As I continue to watch the sad lines of my friends die way too young, often from the effects of youthful experimentation with drugs (usually the "performance enhancing" kind), I realize that longevity is only important when it's your turn.
Eternal life: I'm not going to get into what happens after you die, but I've always believed the religion-wide idea of "do to others what you'd want done to you" is a big factor in how things are going to end up on the "other side."
I've also embraced a teaching from Steve Ilg in his book, Total Body Transformation. He asks a simple question: "When was the last time you picked up some litter?" The other day, I cleaned up a neighborhood eyesore that's bugged me for weeks and felt lighter and happier. Each time I drive past it, I feel better.
Also, take some advice from one of my favorite characters in literature, the Alewife:
Gilgamesh, whither rovest thou?
The life thou pursuest thou shall not find.
When the gods created mankind,
Death for mankind they set aside,
Life in their own hands retaining.
Thou, Gilgamesh, let full be thy belly.
Make thou merry by day and by night.
Of each day make thou a feast of rejoicing,
Day and night dance thou and play.
Let thy garments be sparkling fresh,
Thy head be washed; bathe thou in water.
Pay heed to the little one that holds on to thy hand,
Let thy spouse rejoice in thy bosom!
For this is the task of mankind!
The Role of Rest
The Alewife leads us to the next point, where's the role of rest in your life? For years, I've been giving a workshop that discusses a point that I was taught in the second grade. Now, if something I learned in the early 1960s still impacts my thinking and teaching today, it's worthy of discussion.
My teacher went to the board and put up four words where North, South, East, and West would be on a compass. They were "play," "pray," "rest," and "work." She made a simple point: In life, these four things must be balanced. If one gets too far, like work, you'll slowly burn out. If you play all the time, like the grasshopper in the story The Grasshopper and the Ant, you'll have to catch up when things go wrong (and they always go wrong). Praying could simply be alone time or your efforts to do those internal exercises that keep us going along.
Rest is the problem for many of us today, as we tend to stay up longer and longer, cutting into our sleep time. Also, working 60 hours a week leaves little time to take care of rest!
I listen closely to people who build an understanding of this concept into their programs. Ilg's Total Body Transformation is a handbook of bringing strength training, yoga, meditation, nutrition, and life together into one system. I've always enjoyed reading Pavel's two-headed monster of brutal, grinding strength training with insightful, even artistic, flexibility and mobility work.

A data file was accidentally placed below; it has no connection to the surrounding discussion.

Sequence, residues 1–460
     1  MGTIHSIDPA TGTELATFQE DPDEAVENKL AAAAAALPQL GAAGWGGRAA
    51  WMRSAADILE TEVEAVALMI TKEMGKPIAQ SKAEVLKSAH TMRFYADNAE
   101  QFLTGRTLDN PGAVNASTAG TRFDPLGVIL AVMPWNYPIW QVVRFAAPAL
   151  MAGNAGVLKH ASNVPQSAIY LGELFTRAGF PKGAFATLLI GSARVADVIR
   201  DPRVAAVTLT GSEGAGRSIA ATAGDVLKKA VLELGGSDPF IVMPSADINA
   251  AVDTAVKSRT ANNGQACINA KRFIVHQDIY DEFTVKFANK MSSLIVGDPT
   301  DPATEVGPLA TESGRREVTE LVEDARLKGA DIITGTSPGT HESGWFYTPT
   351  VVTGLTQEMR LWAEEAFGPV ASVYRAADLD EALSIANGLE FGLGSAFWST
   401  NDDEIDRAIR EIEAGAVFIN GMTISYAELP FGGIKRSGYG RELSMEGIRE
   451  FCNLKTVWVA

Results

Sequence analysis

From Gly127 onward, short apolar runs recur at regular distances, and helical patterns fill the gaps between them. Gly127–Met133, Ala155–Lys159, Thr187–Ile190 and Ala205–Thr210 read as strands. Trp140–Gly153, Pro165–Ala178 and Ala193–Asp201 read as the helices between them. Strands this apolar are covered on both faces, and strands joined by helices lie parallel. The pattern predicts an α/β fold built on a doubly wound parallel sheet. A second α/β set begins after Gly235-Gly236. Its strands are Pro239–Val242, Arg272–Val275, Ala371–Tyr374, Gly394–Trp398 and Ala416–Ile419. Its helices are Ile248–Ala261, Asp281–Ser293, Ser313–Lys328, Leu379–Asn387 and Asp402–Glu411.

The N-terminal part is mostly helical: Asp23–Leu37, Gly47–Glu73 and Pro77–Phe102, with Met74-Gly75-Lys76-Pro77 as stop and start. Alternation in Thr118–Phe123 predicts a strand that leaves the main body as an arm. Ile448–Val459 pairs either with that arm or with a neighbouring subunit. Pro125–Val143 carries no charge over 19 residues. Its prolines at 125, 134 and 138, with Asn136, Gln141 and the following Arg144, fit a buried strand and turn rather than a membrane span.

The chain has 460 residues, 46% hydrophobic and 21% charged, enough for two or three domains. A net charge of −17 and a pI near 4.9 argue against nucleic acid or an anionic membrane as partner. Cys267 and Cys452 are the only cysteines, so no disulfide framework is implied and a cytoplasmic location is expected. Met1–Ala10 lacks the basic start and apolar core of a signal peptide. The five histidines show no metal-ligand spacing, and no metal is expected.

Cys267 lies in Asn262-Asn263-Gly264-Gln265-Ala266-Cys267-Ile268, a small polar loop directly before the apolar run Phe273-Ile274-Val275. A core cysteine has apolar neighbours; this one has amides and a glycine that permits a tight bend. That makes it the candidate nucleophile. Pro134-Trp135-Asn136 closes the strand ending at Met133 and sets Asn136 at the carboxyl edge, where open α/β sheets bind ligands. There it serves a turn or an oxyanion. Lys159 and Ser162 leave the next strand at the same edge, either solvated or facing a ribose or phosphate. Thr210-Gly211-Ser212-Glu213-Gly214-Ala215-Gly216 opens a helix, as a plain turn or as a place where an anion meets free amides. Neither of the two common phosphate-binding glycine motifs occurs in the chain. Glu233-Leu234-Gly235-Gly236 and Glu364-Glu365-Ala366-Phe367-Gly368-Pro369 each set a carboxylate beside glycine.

My simple compass of rest, play, pray, and work illuminates my life. Certainly, I've ignored it throughout my years (just read my articles for just some examples of my idiocy), but when I'm at my best, I attempt to tie together these four points in all my life.
A few examples:
Wine walks: Long walks are an underappreciated element in strength training. I'm not talking about packing on plates and sleds and attacking a mountain; I'm thinking of what my wife and I do on occasion. I have this specialty backpack that holds a bottle of wine, glasses, and an opener. We go for a long, easy walk and find a suitable place to pop the cork, talk about life, laugh, and enjoy nature and our relationship. (The walk back is always interesting.)
Meat fests: We have a tradition of bringing a bunch of people over to our house to train. Because of the numbers, we have to move to the way back where we set up the Highland game equipment, weights, sleds, kettlebells, and odd stuff. The group dynamic tends to lead to long, fun workouts with some challenges and a lot of laughs. We all bring cuts of meat and end with a long party of meat and drinks.
Throw training: One of the ways I prepare myself for competition is to bring a kettlebell out to a field with my discus (or whatever implement is going to be part of the next competition). I combine throwing with various kettlebell drills for as long as I need to be there. I try to just keep finding the small spaces in my body to stretch out with the kettlebell and try to carry this feeling over into my throwing. I try to go "inside" during this time and block out everything and everyone else. Oddly, most of my articles seem to pop into my head during these workouts, especially the ones where I think I need to talk about rest.